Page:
The Great Abandonment: the extraordinary exodus of India’s migrant labourers
Commissioned by The Guardian
“The Great Abandonment is an immersive and revealing insight into how devastating the covid lockdowns were for labourers and their families in India. The journalists showed bravery and resilience in giving a voice to the millions who found themselves on the fringes of society with nowhere else to turn.”
-News Features Award Jury
In 2020, the Indian prime minister, Narendra Modi, announced one of the harshest Covid lockdowns in the world, causing nearly 200 million migrant labourers to be stranded without wages, food and housing. Many walked across the country to return to their home villages, while others, caught in limbo with their families, were forced to wait, living on the street or under flyovers they had once laboured to build. And as workers’ rights eroded, the push for unionisation gathered momentum in the country.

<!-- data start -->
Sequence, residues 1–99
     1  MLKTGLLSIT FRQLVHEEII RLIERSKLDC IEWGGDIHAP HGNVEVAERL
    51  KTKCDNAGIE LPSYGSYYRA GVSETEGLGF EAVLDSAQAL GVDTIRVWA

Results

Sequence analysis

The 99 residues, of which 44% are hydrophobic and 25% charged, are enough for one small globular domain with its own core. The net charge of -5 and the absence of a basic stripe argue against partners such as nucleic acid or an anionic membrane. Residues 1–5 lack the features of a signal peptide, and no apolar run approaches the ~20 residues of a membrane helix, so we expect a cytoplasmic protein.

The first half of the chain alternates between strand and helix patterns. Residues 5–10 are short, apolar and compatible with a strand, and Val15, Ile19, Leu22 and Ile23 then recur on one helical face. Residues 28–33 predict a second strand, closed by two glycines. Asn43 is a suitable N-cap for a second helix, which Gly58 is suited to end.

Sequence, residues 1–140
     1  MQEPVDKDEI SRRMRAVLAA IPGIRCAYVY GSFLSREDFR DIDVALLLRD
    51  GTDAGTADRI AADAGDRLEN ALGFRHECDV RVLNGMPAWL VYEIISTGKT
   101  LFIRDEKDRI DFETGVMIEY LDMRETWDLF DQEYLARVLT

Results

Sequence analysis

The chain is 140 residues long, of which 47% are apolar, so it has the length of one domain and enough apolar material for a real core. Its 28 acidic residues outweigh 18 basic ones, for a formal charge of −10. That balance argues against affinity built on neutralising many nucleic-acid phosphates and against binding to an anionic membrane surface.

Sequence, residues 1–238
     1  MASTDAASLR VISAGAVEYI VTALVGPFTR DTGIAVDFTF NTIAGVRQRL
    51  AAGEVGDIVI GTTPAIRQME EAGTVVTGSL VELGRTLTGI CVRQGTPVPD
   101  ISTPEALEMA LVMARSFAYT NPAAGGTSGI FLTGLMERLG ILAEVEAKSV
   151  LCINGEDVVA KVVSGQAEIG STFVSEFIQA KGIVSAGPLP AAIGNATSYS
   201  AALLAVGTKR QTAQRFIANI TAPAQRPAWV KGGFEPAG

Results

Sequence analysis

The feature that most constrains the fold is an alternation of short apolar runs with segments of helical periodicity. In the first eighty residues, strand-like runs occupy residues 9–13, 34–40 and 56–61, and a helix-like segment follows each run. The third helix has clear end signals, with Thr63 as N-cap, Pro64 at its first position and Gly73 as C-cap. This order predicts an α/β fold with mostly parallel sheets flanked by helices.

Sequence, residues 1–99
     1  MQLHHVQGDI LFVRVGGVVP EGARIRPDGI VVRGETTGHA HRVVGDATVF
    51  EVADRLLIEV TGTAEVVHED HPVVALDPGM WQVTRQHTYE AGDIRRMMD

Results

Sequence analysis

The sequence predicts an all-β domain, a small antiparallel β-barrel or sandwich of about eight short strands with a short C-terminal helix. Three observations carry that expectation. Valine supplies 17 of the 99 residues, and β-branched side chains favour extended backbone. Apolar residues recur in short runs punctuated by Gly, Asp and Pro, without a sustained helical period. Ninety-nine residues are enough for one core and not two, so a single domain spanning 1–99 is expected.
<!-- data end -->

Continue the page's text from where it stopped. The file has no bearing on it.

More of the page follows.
Filmed in Mumbai, this documentary reveals the deep divide between those who have and those who do not, while questioning the actions of India’s leader.
Shirley Abraham and Amit Madheshiya are Cannes award-winning Indian documentary filmmakers.
Their work is supported by the Sundance Institute, Pulitzer Center, MacArthur Foundation, the New York Times, the Guardian, Al Jazeera English, Field of Vision, IDFA Bertha Fund, Catapult Film Fund, Filmmaker Fund, National Foundation of India, India Foundation for the Arts, and Arts Council of England. They are current fellows of the inaugural Diane Weyermann fellowship. They have been fellows of Sundance Labs, BBC World Service, Cluster of Excellence Heidelberg and Goethe-Institut. They are members of the documentary branch of the Academy of Motion Picture Arts and Sciences.
Shirley and Amit’s debut film The Cinema Travellers premiered as an Official Selection at Cannes Film Festival 2016, winning the Special Jury Prize for L’Oeil d’or: Le Prix du documentaire. The film has won 19 awards globally, including the President’s Medal in India. The Hour of Lynching won a World Press Photo and the Sandford St Martin Journalism Award in 2020.